Joseph Barrett

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    Joseph Barrett
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  • More About JOSEPH BARRETT:
    Fact 6: Baptist Minister
    Fact 9: Baptist
    Fact 12: July 20, 1840, Will Recorded in Neshoba Co., MS


    Patentee: JOSEPH BARRETT


    State: ALABAMA
    Acres: 80.16
    Metes/Bounds: No

    Title Transfer

    Issue Date: 4/12/1824
    Land Office: Tuscaloosa
    Cancelled: No
    Mineral Reservations: No
    Authority: April 24, 1820: Sale-Cash Entry (3 Stat. 566)

    Document Numbers

    Document Nr.: 1899
    Accession/Serial Nr.: AL0670__.309
    BLM Serial Nr.: AL NO S/N
    Parts Sec./
    Block Township Range Fract.
    Section Meridian State Counties Survey
    W½SW 3/ 21-S 11-W No Huntsville AL Tuscaloosa


    Patentee: JOSEPH BARRETT


    State: ALABAMA
    Acres: 40.21
    Metes/Bounds: No

    Title Transfer

    Issue Date: 11/4/1834
    Land Office: Tuscaloosa
    Cancelled: No
    Mineral Reservations: No
    Authority: April 24, 1820: Sale-Cash Entry (3 Stat. 566)

    Document Numbers

    Document Nr.: 10164
    Accession/Serial Nr.: AL0830__.484
    BLM Serial Nr.: AL NO S/N
    Parts Sec./
    Block Township Range Fract.
    Section Meridian State Counties Survey
    NENW 32/ 21-S 14-W No Huntsville AL Pickens

    Joseph Barrett and The Doughty Family

    Research of

    Gerry Dickens
    Joseph Barrett and The Doughty Family

    This research belongs to Gerry Dickens who was kind enough to share it with us. She has transcribed all the documents and included them as well as the original scanned copies.
    To view the Transcriptions click on the link on the name,a window will pop up, choose to view document in it's location, instead of download document,and a window with the transcription will pop up. To view the original document click on the page number of the source of the document or the date of the document.
    Joseph Barrett And the Doughty Family

    Joseph Barrett was born about 1784 in Ninety Six District, South Carolina. Church records show that Joseph Barrett joined Head of Tyger Baptist Church 21 August 1802 by experience. He was approved as a Judge 23 April 1803. He was appointed Clerk 21 April 1804. On 26 October 1805, Joseph Barrett requested a letter of dismissal. David Barrett was appointed Clerk "until Joseph returns." On 22 November 1806, Joseph returned and presented a letter from another church, which is not named, and rejoined Tyger Church. Joseph was always serious about his religion and it is believed he was away conducting the business of the church. He was also a schoolteacher. Estate papers of George Allen in Greenville District include payment to Joseph Barrett in April 1805 for schooling. Joseph did not stay long in Greenville District for on 21 February 1807 David Barrett requested a letter of dismissal for Joseph. There are indications he went to Pendleton District. The same families who migrated to Alabama in 1818 were living in Pendleton and were members of branches of Shoal Creek Baptist Church.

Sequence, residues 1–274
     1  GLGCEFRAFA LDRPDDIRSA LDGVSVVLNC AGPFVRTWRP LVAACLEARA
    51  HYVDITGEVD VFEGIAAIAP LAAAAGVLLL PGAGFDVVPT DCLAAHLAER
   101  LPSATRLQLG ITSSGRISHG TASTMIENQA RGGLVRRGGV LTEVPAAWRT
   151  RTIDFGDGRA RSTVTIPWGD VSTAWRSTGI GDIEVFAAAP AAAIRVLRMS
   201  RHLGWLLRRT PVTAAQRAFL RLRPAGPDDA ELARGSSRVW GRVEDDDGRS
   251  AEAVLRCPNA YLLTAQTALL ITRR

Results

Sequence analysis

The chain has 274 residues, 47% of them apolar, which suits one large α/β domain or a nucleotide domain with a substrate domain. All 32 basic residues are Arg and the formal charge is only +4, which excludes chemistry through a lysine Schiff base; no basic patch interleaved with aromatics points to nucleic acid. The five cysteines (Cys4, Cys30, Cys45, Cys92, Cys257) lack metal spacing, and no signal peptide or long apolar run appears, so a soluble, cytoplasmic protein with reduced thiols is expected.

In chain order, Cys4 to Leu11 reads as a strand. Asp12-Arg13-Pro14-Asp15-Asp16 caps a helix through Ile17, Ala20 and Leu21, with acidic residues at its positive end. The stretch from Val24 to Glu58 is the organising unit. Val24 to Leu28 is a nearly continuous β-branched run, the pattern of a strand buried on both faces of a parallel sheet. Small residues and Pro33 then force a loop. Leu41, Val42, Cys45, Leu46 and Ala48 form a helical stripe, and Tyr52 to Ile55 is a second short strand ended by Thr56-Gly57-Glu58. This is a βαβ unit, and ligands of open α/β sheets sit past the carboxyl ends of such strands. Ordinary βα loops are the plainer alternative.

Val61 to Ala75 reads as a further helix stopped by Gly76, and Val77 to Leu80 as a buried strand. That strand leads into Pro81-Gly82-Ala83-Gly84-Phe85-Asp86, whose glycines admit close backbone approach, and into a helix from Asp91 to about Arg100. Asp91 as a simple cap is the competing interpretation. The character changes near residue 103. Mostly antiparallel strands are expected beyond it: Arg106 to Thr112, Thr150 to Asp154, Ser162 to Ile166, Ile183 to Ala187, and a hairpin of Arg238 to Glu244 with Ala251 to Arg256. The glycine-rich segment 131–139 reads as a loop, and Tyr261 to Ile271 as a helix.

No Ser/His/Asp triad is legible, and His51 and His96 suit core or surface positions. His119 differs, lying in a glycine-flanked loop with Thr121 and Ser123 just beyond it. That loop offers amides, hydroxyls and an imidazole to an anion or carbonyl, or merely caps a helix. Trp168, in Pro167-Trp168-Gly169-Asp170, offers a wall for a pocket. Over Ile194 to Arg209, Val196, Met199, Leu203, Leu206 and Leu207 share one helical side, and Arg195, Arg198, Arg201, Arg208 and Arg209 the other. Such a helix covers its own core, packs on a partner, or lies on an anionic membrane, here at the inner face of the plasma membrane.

Joseph Doughty was a friend, and perhaps a relative, of Hannah and Reuben Barrett. Joseph Doughty had received a warrant for 100 acres in Ninety Six District on Wildcat Creek of the South Fork of Tyger River on 18 December 1784, surveyed 7 January 1785 and recorded in Plat Book B, page 43 on 21 February 1785. He received a grant from the State for this land on 5 February 1787.Joseph Doughty then sold these 100 acres to Reuben Barrett on 4 July 1789 for forty pounds sterling, Greenville County Deed Book A, pages 52,53.

    Reuben Barrett and Joseph Dotey were Sureties in the sum of Twenty-five pounds each for the appearance of John Dotey to the next court, Spartanburg County Court Journal, page 220, dated 16 December 1788. The Doughty family then moved to Pendleton District where two of Joseph's sons, Jeremiah Doughty and Daniel Doughty, were enumerated on the 1790 census. Joseph Doughty had moved to Wilkes County, Georgia where he appeared on a tax list for 1790 in Captain James McCluskey's District. Joseph Doughty was granted 135 acres in Wilkes County, Georgia on Falling Creek on 4 December 1790, under a warrant dated 7 June 1790. This land fell in Elbert County when that county was created from Wilkes County. Joseph Doughty and his wife Nancy/Ann Doughty then sold the Georgia land to Samuel Sewell on 10 May 1792 recorded in Book A, page 72, Elbert County, Georgia. Mrs. Doughty is listed as Nancy Doughty in the deed but signed as Ann Doughty with her x mark.